Evidence-Based Proposal and Annotated Bibliography on Technology in Nursing
Electronic Medication Administration with Barcoding (eMAR), also known as Barcode Medication Administration (BCMA), is a technology-driven process used in healthcare to ensure safe and accurate medication administration. It involves barcode scanning to match the right medication with the right patient at the right time. It reduces medication errors and enhances patient safety by verifying prescriptions, administering medications accurately, documenting administration details, and generating alerts for potential issues (Mulac et al., 2021). NURS FPX 4040 Assessment 3 Evidence-Based Proposal and Annotated Bibliography on Technology in Nursing.
Nurses are crucial in using eMAR, scanning patient wristbands and medication barcodes, recording administration details, reviewing alerts, and utilizing integrations with other healthcare systems. Through a systematic research approach using databases like PubMed and Google Scholar, I identified at least four peer-reviewed articles advocating the implementation of electronic medication administration with barcoding in nursing care. These articles provided evidence of how this technology can enhance safety standards and improve the quality of care in healthcare settings by employing keywords such as patient safety, electronic medication administration, and quality care.
Evidence of the Impact of Electronic Medication Administration on Patient Safety
This article focuses on the impact of BCMA and e-MAR on patient safety, quality of care, and the interdisciplinary team. These technologies have emerged as innovative solutions in response to collective data suggesting increased medication errors that compromise patient safety. An annotated literature review was conducted before their implementation to assess the impact of BCMA and e-MAR systems. This review involved analyzing various studies that elaborated on the advantages and disadvantages of the barcode medication administration system.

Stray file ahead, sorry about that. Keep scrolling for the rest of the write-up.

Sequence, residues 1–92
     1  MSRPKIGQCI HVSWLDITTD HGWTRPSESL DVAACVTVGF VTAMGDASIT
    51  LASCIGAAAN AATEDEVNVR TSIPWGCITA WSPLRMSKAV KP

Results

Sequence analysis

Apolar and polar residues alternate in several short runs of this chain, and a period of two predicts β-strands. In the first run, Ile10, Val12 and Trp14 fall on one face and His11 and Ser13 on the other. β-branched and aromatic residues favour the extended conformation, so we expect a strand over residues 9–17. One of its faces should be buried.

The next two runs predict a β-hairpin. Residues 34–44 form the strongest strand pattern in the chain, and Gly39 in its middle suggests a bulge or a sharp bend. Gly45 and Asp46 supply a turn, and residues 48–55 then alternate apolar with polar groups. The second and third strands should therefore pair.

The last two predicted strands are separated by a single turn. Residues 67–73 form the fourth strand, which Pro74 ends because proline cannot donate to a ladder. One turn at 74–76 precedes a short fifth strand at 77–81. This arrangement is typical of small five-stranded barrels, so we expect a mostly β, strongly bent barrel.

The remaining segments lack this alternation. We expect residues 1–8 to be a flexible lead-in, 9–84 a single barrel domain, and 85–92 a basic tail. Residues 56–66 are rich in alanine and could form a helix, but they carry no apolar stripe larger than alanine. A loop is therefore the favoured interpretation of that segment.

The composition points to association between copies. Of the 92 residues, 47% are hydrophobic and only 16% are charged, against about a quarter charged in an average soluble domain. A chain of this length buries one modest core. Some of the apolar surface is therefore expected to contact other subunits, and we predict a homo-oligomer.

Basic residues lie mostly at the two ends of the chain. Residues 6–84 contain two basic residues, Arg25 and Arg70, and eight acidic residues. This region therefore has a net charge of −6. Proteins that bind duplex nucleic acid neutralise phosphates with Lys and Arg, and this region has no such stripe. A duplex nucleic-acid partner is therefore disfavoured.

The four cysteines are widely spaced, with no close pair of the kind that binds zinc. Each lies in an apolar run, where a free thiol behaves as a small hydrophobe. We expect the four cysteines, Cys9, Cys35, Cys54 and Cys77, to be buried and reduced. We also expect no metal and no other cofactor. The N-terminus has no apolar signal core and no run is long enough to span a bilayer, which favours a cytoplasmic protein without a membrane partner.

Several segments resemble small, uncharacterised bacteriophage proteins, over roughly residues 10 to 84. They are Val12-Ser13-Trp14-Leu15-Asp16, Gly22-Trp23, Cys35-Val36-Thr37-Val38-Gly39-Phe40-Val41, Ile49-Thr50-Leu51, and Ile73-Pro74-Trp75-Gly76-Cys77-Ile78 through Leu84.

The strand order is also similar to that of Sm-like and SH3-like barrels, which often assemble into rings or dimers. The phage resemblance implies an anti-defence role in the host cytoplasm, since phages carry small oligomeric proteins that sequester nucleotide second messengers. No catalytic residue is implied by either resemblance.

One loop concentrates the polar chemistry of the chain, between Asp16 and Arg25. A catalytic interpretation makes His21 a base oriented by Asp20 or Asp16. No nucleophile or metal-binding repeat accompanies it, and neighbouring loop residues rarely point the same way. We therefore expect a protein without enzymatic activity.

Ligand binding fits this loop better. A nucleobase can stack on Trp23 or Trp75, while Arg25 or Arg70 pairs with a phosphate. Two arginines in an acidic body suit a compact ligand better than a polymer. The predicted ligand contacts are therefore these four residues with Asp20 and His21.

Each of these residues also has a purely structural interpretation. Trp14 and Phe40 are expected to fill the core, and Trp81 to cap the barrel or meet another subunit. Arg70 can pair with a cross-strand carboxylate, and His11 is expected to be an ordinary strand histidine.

NURS FPX 4040 Assessment 3 Evidence-Based Proposal and Annotated Bibliography on Technology in Nursing
One of the key benefits of BCMA and e-MAR systems is their ability to enhance patient safety. By utilizing barcode scanning technology, these systems ensure accurate medication administration by matching the right medication with the right patient at the right time. This helps to minimize the risk of errors, such as administering the wrong medication or incorrect dosage, thereby significantly reducing adverse drug events and improving overall patient outcomes. These technologies streamline medication management processes, improve documentation accuracy, and provide real-time alerts for potential drug interactions or allergies.
Furthermore, implementing BCMA and e-MAR systems positively affects the interdisciplinary team. These technologies enhance interdisciplinary teamwork among healthcare professionals by facilitating effective communication and collaboration. These systems integrate with other healthcare technologies, ensuring all team members can access accurate and up-to-date medication information. This promotes better coordination and reduces the potential for errors, contributing to a safer and more efficient medication administration process.
Impact of Electronic Medication Administration on Patient Safety
Implementation of Barcode Medication Administration (BCMA) technology on the incidence of medication administration errors in the hospital environment is the main focus of this study. The study began implementing the new technology in September 2008 in a staged rollout across multiple units. The study tracked adherence to BCMA technology and compared the rates of medication administration errors and adverse events before and after its implementation. It is important to note that only actual errors, not potential errors, were included in the analysis. The findings indicated a statistically significant reduction in reported medication administration errors by 43.5% after implementing Barcode Medication Administration (BCMA) technology.
Moreover, a remarkable reduction in incidental medication errors was lowered from 0.65 to 0.29 per person out of 100,000 overall persons. The outcome was a significant reduction of 55.4% in incidents of harm experienced by patients. Importantly, the study found that BCMA factors caused no errors classified at category E or higher. The findings of this study highlight the positive impact of consistent use of BCMA technology on patient safety. By implementing BCMA, the number of patients harmed by medication administration errors was significantly reduced. The study demonstrates that BCMA technology can effectively decrease medication errors and improve patient outcomes in the inpatient setting.
Organizational Factors Influencing Electronic Medication Administration
The study found several key factors that significantly impacted clinicians’ acceptance and utilization of the new system. Firstly, the implementation strategy was crucial in clinicians’ acceptance of the EMMS. The patient-centric approach, where each patient had one chart, allowed clinicians to learn and adapt to the system without interruptions or using hybrid charts. This approach maximized user behavior control and contributed to a smoother transition than implementation strategies like the Big Bang or the Phased approach.